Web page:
The numbers behind Konami’s video game disaster, and why Konami doesn’t care
Konami. That’s the set-up and the punchline of a joke that’s been told over the past few weeks, and it’s still funny.
Konami cancelled Silent Hills, won’t officially confirm if Hideo Kojima left the company, delisted P.T. (the once-secret Silent Hills playable trailer) from the PSN Store (and, in an incredibly rare and bizarre twist, made it impossible to re-download even if you added it to your library previously), and is now running headlong into a mobile games focus. On top of all that, Metal Gear Solid V: The Phantom Pain isn’t out yet.
We’ve been spending weeks watch a company seemingly implode, and they’re still going to put out one of the biggest games of the year soon. This is what happens when a company doesn’t care about making video games anymore, and it’s fascinating to watch. It’s also not hyperbolic in any way. Konami seems to be bowing out of the console video game industry, and it’s so thoroughly intent on doing so that it’s burning every fan-built bridge it has accumulated since the ’80s in the process. And Konami is going to be perfectly fine through it all.
You might not realize this if you live in North America, but Konami isn’t a video game company. That’s just one of its faces, and it’s the only face the West has been shown. Konami is a major conglomerate that deals with slot machines, health clubs, real estate, and toys.
Konami’s digital entertainment division has generally been its biggest moneymaker, but according to Konami’s financial numbers, that’s changing quickly. In the last six years, sales from Konami’s digital entertainment division, which covers all of its video games, has dropped by nearly half. Meanwhile, sales from Konami’s gaming division, which (perplexingly) covers all of its gambling products like slot machines, has nearly doubled in that time.
It’s an even worse trend when you look at profit. Profits from digital entertainment has dropped to a quarter of what it was in 2009, and profits from the gaming (again: gambling, not video games) division has more than doubled. Digital entertainment still makes more than gaming, but that will likely change by next year.
The money Konami is making from video games is dropping every year, and slot machines are more popular than ever. Since Konami isn’t just a video game company, it makes sense that it wants to just leave a field and focus on ones that pay off better.
Of course, our only exposure to Konami in the West (unless you look at any of the electronic slot machines in Vegas, Reno, or Atlantic City) is video games. It’s the company that made Castlevania, Contra, Metal Gear Solid, Silent Hill, Dance Dance Revolution, and many more. It’s become synonymous with metroidvanias, psychological horror, tactical espionage action, and rhythm games. Now, it’s abandoning all of that, unless you’re excited about mobile games and pachislots and slot machines. That are mostly about soccer.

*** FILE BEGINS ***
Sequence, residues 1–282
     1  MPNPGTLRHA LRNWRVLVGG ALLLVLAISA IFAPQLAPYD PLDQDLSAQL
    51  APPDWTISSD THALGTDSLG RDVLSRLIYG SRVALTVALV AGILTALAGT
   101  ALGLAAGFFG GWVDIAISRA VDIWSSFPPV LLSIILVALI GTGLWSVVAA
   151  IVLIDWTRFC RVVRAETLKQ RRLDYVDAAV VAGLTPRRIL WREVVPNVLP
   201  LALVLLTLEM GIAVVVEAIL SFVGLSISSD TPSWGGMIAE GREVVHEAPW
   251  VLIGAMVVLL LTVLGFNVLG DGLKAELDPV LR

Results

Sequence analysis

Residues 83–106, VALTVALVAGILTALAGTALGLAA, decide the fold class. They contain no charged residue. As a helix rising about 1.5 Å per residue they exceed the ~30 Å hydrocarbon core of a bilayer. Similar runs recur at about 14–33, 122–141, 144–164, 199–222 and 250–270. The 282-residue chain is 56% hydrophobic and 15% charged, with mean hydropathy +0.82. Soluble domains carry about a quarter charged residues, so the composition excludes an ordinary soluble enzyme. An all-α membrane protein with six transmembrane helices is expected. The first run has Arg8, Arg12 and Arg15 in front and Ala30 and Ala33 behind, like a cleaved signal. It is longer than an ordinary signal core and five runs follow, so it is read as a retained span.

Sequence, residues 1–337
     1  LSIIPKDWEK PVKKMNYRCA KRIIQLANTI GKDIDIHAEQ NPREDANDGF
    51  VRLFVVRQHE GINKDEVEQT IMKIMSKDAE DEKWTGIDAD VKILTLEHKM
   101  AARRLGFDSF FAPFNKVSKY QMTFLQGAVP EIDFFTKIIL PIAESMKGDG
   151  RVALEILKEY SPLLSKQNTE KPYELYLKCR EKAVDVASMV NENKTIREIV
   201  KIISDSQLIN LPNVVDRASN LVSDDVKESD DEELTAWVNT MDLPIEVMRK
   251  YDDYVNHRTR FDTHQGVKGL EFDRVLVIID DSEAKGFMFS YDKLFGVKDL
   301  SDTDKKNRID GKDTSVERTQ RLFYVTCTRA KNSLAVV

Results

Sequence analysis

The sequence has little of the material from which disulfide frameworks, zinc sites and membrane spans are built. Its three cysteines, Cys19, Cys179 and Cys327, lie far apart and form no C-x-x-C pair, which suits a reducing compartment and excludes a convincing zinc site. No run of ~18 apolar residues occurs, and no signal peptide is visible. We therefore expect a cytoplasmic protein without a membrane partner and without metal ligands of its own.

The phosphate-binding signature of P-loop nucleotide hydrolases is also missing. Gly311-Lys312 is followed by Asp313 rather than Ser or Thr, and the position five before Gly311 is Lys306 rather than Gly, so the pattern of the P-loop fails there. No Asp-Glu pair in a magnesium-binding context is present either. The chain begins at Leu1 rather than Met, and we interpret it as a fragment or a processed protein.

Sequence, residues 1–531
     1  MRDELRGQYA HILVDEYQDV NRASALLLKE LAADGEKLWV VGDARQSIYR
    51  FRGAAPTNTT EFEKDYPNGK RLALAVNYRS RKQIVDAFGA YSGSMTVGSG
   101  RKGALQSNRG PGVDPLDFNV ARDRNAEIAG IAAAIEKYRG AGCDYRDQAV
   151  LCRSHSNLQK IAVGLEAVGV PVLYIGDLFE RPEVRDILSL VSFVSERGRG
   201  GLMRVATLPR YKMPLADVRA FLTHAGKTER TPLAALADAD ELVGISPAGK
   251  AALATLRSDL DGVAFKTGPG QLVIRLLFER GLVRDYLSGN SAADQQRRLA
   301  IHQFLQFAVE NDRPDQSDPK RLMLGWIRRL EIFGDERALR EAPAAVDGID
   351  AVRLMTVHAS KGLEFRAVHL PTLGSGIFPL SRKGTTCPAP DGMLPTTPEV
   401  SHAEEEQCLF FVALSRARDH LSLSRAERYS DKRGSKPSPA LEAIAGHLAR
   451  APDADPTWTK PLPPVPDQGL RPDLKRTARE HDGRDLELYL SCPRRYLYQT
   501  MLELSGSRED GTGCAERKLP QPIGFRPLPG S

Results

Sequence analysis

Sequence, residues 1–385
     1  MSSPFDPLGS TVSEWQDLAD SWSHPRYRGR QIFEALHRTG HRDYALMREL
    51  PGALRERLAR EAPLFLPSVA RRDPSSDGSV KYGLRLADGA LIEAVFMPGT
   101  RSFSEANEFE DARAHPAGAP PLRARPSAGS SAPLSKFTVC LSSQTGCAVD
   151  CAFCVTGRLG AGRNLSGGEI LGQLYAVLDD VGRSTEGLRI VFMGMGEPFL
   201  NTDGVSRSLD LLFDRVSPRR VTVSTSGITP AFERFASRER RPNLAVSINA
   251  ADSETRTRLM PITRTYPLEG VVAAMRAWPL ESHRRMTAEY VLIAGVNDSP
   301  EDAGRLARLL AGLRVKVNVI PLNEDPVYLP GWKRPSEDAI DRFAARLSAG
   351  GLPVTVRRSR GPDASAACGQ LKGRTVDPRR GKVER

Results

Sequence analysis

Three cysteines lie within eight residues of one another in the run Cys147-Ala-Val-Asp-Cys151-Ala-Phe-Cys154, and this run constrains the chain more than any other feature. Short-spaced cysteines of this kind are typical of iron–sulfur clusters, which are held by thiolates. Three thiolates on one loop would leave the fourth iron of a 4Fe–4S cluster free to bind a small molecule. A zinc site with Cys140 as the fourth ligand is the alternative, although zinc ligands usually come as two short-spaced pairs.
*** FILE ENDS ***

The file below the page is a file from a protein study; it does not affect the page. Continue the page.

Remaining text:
If this bums you out, consider Konami’s graceless running from console video games to be the final nail in its save point coffin. Contra? We haven’t heard much of it since Wayforward made Contra 4 on the DS. Castlevania? The post-reboot games made a worse mess of the series than Konami simply not making games anymore ever could. Silent Hill? Mediocre to terrible sequels capped off by a completely broken HD collection and the ugliest anti-hype cancellation of a promising title I’ve ever seen
Fortunately, while the publisher has decided to no longer publish, developers will keep developing. Castlevania revolutionizer Koji Igarashi has just launched a Kickstarter for Bloodstained: Ritual of the Night, which is so shameless of a Symphony of the Night successor that the pitch video has him throwing a wine glass. Kojima’s going to keep being Kojima. We haven’t heard anything of Contra in a while, but there are tons of great indie shooters being put out on all systems. And while Guillermo del Toro, who was supposed to work with Kojima on Silent Hills, has once again been dropped from a video game project, there’s nothing stopping those two from making their own horror game collaboration that isn’t a Silent Hill-branded game. There’s still hope, if you’re not hung up on the franchise names. Except for anything by Hudson Soft. Adventure Island, Bonk, and Bloody Roar are sadly and hilariously dead. So is Bomberman, unless you want to consider a franchise as “living on” with smartphone games.
The really weird thing about this is that it shows how easily a company with its fingers in many pots can simply shrug and leave video games. It’s unceremonious from our end, but it’s just a business decision to a corporation. It’s a good thing PlayStation is such a cash cow for Sony, otherwise it could just as easily give up on video games and deprive us of beloved characters like, uh, Kratos? And Killzone gas mask guy? Ooh, does Crash Bandicoot still count? Does Sony remember it at all? Nah, they’re actually doing just fine.
Source: Games – Geek.com